Students spread breast cancer awareness through skill-based presentation


Pierson Cepeda, Assistant Web & Social Media Manager


Students gave a presentation called “Make the Breast Choice” on March 16 in the Gender Equity Center to explain the importance of early detection and self-exams as means to prevent breast cancer.

The event, co-sponsored by the Gender Equity Center and CHABBS, is among the many events happening during Women’s Herstory Month.

Nine students from Dr. Eliza Bigham’s Applied Research in Human Development class hosted the presentation. Each student chose to present on the topic due to personal experience and/or unfamiliarity with breast cancer and the practice of self-diagnosis.

Presenters introduced audience members to the topic through a series of questions meant to gauge their level of awareness. Questions focused on whether audience members knew the importance of early diagnosis, whether they have ever felt a male/female/abnormal breast or if they knew about the resources available in campus. These questions structured the remaining time of the presentation.

Before the presenters delved into the informational session, they asked audience members to participate in a game. Four participants would compete in teams of two. One person on the team would put on a loose white shirt and place two large balloons, representing breasts, underneath. The other team member would then toss ping-pong balls and their partner would try to catch them. The winning team received black bracelets with the words  “SAVE 2nd BASE” running across them.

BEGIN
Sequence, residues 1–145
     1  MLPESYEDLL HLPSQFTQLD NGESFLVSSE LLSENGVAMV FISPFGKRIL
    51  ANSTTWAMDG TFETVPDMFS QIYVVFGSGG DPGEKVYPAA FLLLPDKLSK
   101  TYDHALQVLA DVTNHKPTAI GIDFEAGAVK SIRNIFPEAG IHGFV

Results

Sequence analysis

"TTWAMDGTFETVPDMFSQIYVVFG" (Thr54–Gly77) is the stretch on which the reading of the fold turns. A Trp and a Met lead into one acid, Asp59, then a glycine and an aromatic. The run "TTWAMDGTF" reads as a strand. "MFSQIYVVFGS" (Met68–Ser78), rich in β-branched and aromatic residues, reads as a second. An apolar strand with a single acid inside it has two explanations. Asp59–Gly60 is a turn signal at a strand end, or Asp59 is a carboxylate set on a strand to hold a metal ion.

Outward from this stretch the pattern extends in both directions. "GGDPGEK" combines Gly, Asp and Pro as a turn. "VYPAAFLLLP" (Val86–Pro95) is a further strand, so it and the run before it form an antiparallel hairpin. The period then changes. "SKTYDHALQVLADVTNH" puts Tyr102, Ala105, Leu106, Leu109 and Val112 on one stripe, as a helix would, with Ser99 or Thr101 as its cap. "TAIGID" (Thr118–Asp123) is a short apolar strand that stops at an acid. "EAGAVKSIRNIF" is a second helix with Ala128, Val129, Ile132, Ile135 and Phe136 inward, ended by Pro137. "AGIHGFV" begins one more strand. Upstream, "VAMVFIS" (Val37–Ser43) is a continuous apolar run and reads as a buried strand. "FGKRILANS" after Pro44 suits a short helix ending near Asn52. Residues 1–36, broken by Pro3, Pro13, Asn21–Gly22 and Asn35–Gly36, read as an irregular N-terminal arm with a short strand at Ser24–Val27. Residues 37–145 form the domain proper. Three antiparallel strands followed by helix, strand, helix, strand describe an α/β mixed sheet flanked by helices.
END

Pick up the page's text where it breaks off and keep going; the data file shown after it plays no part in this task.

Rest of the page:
Following the game, the students presented a series of facts and statistics.

They began by discussing the widespread effect of breast cancer. Presenters asked the audience to number themselves one to eight. Then those who were numbered one stood up representing the one in eight women affected by breast cancer.

Along with illustrating the amount of people who are affected, the students also dispelled some misconceptions about the disease. They emphasized that men are also affected by the disease and that even young people are at risk.

Images of a man and woman who each went through a mastectomy, a surgical removal of their breast, were put on display.

Lastly, presenters asked the audience members to give themselves a breast exam. Each person stood up and lifted one of their arms over their head. Next, they used two to three of their fingers and pushed down in a circular motion from their underarm straight down to their rib cage. By repeating this motion and moving inwards towards their chest, audience members were encouraged to get to know their personal bodies, because they are different from everybody else.

When asked to comment on the importance of the presentation and Women’s Herstory Month, ASI Executive Vice President Bianca Garcia said, “There is a stigma around touching breasts and people are afraid to ask questions.”

Kelly Imgrund said, “There are a lot of [issues] not brought to the light.”

The next Make the Breast Choice presentation will take place April 6 in The Quad classroom.